The PKA/PPARα Pathway Mediates the Effect of CTRP13 on Endothelial Function
To verify whether PPARα mediated the effect of CTRP13 on EDR, we compared the responses of the thoracic aortae isolated from PPARα−/− mice and their wild-type (WT) littermates. As depicted in Fig. 6A, in aortae from WT littermates, HG-impaired vasorelaxation was prevented by CTRP13. However, this beneficial effect was lost in the aortae from PPARα−/− mice. SNP-induced relaxations were similar among the different groups (Supplementary Fig. 2). The effects of PPARα deficiency on CTRP13-recoupled eNOS in vivo were also examined. As indicated in Fig. 6B–E, the increase in BH4 biosynthesis and the ratio of eNOS dimers to monomers, together with elevated serum NO levels and superoxide production, due to CTRP13 supplement, were all reversed on PPARα deletion, further suggesting the central role of PPARα in CTRP13-mediated eNOS and NO production.
How the adipokine CTRP13 regulated the transcriptional factor PPARα activity still needs exploration. Multiple research studies have reported that PPARα activity is increased by PKA phosphorylation directly (29,30). We first detected PKA activity in HG-treated HUVECs with or without CTRP13 treatment. HG treatment dramatically reduced PKA activity, while CTRP13 supplementation recovered the suppression of PKA activity (Fig. 6F). Using coimmunoprecipitation, we also found that CTRP13 could promote the phosphorylation of PPARα. H89, a specific inhibitor of PKA, abrogated the phosphorylation of PPARα by CTRP13 treatment (Fig. 6G). In addition, H89 decreased CTRP13-induced GCH1 promoter activity and BH4 levels in HUVECs (Fig. 6H and I). More interestingly, the beneficial effect on hyperglycemia-impaired ACh-induced EDR by CTRP13 was also abolished by treatment with the H89 compound (Fig. 6J). These data suggested that blocking PKA/PPARα leads to decreased GCH1 expression, BH4 production, and eNOS uncoupling, thus disrupting the beneficial effects of CTRP13.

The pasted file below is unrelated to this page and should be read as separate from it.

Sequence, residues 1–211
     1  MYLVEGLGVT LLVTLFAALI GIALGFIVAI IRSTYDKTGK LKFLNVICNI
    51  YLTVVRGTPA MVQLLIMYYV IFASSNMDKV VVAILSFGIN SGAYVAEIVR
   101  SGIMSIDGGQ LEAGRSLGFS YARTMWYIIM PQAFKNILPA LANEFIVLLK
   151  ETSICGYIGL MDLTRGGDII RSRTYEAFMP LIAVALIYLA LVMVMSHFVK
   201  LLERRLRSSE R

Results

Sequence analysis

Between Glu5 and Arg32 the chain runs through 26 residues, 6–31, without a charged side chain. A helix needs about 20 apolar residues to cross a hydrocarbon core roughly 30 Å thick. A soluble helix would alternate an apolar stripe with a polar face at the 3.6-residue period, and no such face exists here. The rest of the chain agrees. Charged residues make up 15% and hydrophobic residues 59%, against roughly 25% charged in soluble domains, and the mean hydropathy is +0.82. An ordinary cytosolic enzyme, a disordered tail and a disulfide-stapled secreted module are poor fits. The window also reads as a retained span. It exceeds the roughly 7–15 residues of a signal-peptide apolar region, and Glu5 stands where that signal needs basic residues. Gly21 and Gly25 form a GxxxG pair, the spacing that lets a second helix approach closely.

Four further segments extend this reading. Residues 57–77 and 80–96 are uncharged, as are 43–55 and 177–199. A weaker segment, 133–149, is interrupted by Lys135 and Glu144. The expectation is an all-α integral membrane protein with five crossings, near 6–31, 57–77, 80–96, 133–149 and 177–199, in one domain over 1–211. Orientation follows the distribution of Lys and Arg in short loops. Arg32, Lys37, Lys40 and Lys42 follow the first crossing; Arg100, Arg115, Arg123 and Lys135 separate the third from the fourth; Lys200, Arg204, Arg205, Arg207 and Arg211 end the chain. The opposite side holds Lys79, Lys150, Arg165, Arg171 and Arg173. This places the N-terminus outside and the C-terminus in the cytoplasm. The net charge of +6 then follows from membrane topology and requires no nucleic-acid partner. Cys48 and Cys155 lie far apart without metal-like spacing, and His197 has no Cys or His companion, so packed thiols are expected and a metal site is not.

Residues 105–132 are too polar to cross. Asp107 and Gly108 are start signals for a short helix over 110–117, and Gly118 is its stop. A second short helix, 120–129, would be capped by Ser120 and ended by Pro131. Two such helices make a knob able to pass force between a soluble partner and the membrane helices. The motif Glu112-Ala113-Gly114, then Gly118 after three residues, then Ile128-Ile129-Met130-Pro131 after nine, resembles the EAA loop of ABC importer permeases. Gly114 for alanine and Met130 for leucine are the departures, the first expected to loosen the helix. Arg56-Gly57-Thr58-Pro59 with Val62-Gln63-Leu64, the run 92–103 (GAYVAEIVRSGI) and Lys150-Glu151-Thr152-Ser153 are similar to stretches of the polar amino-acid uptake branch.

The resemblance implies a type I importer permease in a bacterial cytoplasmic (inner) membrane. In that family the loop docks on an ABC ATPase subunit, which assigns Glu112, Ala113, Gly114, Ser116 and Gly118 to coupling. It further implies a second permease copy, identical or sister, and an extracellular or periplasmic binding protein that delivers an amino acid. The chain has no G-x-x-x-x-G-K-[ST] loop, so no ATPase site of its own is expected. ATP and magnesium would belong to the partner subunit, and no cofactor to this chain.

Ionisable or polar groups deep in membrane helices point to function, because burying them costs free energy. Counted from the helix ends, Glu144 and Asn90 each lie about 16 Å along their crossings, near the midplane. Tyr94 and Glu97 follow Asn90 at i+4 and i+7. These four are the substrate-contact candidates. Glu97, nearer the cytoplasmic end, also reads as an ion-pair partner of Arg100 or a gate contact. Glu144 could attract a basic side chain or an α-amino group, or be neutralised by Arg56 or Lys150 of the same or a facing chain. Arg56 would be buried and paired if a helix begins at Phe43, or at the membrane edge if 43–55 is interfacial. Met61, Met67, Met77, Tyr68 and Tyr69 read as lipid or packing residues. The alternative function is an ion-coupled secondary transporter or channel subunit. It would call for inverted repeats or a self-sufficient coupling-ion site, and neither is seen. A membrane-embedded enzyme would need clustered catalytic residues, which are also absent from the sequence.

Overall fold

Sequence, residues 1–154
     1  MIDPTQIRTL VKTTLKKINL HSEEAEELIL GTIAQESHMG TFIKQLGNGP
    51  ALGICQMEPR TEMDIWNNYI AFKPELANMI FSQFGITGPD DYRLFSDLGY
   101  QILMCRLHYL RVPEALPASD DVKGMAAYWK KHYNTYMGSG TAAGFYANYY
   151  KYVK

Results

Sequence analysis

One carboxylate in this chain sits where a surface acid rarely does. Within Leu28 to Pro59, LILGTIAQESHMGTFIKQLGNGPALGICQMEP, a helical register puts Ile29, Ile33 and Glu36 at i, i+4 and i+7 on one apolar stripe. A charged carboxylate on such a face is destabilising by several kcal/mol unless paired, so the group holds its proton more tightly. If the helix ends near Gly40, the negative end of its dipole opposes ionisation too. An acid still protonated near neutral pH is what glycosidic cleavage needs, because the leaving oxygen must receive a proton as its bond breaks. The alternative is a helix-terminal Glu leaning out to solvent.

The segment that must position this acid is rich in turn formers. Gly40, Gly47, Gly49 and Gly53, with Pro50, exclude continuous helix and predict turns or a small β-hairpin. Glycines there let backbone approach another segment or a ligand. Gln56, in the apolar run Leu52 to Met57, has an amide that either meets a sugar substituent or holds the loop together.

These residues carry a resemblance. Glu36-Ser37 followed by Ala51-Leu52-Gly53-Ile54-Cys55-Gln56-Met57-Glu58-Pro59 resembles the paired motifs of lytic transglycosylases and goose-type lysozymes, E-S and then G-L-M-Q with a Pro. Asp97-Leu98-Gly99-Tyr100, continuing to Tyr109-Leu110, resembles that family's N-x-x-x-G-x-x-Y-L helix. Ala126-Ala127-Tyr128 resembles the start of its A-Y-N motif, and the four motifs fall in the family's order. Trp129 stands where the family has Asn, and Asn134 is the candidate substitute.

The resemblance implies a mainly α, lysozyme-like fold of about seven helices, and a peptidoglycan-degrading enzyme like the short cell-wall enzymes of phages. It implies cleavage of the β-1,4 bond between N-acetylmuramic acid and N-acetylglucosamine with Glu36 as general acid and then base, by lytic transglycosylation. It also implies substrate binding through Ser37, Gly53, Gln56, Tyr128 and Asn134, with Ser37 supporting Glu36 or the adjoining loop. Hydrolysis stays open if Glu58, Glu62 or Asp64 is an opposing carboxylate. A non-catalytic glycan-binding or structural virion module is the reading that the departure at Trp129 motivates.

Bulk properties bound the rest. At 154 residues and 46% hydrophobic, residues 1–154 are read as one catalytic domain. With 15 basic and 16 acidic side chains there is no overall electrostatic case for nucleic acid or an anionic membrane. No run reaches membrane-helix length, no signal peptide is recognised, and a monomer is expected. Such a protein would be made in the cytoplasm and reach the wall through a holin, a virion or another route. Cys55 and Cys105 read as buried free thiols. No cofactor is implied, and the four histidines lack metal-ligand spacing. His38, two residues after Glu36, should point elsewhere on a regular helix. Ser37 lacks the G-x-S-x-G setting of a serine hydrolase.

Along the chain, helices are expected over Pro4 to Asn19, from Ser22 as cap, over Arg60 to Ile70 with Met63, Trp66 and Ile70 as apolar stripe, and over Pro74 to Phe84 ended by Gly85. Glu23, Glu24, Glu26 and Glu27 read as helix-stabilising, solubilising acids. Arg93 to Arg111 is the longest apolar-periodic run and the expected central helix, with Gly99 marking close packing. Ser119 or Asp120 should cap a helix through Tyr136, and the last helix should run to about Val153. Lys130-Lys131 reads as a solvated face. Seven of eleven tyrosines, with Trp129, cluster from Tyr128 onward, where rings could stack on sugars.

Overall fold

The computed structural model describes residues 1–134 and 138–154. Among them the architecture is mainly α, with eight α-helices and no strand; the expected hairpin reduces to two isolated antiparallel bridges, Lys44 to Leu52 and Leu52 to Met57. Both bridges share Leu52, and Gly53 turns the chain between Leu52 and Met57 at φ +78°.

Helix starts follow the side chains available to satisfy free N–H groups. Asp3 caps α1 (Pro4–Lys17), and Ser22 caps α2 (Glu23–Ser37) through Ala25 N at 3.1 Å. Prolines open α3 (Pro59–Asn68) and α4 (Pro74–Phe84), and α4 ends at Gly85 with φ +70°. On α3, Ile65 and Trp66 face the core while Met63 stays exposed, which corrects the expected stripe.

CTRP13 Preserves Endothelial Function in Ex Vivo Renal Arteries From Humans With Diabetes
The level of ACh-induced EDR was dramatically lower in renal arteries from patients with diabetes than in those from subjects without diabetes (Fig. 7A), while the arteries from both groups displayed identical levels of relaxation induced by SNP (Supplementary Fig. 3). We also analyzed the BH4 level in these renal arteries. Compared with subjects without diabetes, patients with diabetes showed decreased BH4 levels, and recombinant CTRP13 incubation restored the BH4 levels in a dose-dependent manner (Fig. 7B). Consistently, CTRP13 treatment reversed the downregulation of GCH1 and the ratio of eNOS dimers to monomers in the renal arteries of patients with diabetes (Fig. 7C).